Revisiting Post-Downgrade Stock Underperformance: The Impact of Credit Watch Placements on Downgraded Firms’ Long-Term Recovery
47 Pages Posted: 10 Mar 2011 Last revised: 7 Aug 2015
Date Written: June 30, 2015
Prior research documents significant negative long-term stock returns following bond-rating downgrades. Some downgraded firms are placed on credit watches before downgrades, and we find that the post-downgrade stock underperformance of such firms is significantly reduced. We explore two explanations for the difference in post-downgrade stock performance that are not mutually exclusive: 1) a credit watch placement provides an early signal of the subsequent rating downgrade and gives investors more time to better understand the information content of the downgrade (the early-disclosure effect), and 2) a credit watch placement induces better recovery from credit deterioration for the downgraded firm in the long run (the recovery effect). We find that firms receiving watch-preceded downgrades show better improvements in operating profitability, financial leverage, and overall default risk, and are less likely to be further downgraded in future periods, compared with firms that are directly downgraded. Our findings suggest that the recovery effect is important in explaining downgraded firms’ performance in the long run and provide new evidence in support of the premise in the recent literature that credit watches can induce on-watch firms’ efforts to restore deteriorated credit quality.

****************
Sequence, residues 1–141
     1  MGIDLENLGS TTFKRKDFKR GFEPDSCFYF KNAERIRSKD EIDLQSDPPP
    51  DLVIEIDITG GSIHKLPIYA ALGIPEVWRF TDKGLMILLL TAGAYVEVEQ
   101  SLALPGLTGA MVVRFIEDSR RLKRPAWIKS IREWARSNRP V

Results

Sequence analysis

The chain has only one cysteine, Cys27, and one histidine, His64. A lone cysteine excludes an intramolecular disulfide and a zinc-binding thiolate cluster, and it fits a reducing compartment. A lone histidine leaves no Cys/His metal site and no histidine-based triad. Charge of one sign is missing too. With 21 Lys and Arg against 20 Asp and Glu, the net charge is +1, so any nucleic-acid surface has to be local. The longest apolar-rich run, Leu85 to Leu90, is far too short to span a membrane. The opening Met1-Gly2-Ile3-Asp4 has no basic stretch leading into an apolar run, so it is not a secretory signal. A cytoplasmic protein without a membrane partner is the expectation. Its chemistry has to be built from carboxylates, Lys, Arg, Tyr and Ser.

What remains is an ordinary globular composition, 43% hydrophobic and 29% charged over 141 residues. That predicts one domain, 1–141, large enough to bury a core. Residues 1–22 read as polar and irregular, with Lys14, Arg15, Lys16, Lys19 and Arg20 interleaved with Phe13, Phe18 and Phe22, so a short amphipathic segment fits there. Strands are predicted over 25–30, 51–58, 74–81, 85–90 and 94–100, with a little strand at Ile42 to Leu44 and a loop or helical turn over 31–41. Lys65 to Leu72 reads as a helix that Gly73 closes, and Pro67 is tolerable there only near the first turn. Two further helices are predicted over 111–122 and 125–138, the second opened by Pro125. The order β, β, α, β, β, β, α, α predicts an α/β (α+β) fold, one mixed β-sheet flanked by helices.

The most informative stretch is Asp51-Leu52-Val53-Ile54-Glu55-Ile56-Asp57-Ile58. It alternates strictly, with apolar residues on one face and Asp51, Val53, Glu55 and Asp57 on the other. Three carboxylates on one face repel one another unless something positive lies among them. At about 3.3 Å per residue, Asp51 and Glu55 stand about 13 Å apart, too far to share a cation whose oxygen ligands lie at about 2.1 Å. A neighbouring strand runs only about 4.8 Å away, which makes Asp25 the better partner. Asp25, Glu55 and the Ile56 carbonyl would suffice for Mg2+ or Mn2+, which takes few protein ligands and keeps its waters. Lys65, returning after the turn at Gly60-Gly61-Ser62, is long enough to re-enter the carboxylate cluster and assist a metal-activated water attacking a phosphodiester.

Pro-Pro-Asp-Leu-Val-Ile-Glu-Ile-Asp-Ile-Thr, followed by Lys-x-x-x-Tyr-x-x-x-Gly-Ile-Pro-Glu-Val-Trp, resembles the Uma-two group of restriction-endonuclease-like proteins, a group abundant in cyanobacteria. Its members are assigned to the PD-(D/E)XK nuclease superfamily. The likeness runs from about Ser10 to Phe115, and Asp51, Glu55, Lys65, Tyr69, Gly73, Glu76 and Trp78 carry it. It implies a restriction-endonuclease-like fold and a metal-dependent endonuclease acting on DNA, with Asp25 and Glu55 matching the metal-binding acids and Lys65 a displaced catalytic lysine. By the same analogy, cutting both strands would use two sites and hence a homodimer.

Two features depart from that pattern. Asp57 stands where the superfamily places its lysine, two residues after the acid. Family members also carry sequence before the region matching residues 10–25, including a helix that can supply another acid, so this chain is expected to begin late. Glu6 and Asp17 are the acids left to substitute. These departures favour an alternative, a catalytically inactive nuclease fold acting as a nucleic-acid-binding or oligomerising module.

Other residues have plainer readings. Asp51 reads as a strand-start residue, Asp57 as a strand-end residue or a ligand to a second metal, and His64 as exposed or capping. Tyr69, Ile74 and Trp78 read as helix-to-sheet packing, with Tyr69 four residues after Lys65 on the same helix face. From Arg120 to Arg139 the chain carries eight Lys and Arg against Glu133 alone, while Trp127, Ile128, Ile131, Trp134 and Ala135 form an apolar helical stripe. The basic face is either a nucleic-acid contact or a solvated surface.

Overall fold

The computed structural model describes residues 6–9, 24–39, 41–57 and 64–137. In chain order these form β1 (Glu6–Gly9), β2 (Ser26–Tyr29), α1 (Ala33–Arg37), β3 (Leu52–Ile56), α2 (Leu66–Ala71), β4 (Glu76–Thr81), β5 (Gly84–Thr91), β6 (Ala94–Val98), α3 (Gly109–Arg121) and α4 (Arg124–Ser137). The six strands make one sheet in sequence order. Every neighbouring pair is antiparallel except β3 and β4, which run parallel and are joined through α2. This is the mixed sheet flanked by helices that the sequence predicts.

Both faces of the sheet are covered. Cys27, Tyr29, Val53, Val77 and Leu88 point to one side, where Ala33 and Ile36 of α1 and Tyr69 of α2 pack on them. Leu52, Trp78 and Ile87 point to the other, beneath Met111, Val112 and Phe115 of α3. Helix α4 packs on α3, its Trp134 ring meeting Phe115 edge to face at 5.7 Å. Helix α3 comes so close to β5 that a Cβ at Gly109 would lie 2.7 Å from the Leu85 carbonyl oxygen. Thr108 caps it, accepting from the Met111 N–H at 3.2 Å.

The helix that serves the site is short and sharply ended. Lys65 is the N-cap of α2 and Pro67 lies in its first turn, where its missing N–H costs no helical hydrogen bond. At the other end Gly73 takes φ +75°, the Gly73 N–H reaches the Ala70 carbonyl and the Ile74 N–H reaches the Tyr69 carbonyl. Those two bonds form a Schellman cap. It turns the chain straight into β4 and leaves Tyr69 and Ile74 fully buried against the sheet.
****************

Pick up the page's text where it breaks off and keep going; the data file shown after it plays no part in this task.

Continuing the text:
Keywords: Credit Rating Agencies, Credit Watch, Implicit Contracting, Event Study, LT Stock Returns
JEL Classification: G14, G20, G24
Suggested Citation: Suggested Citation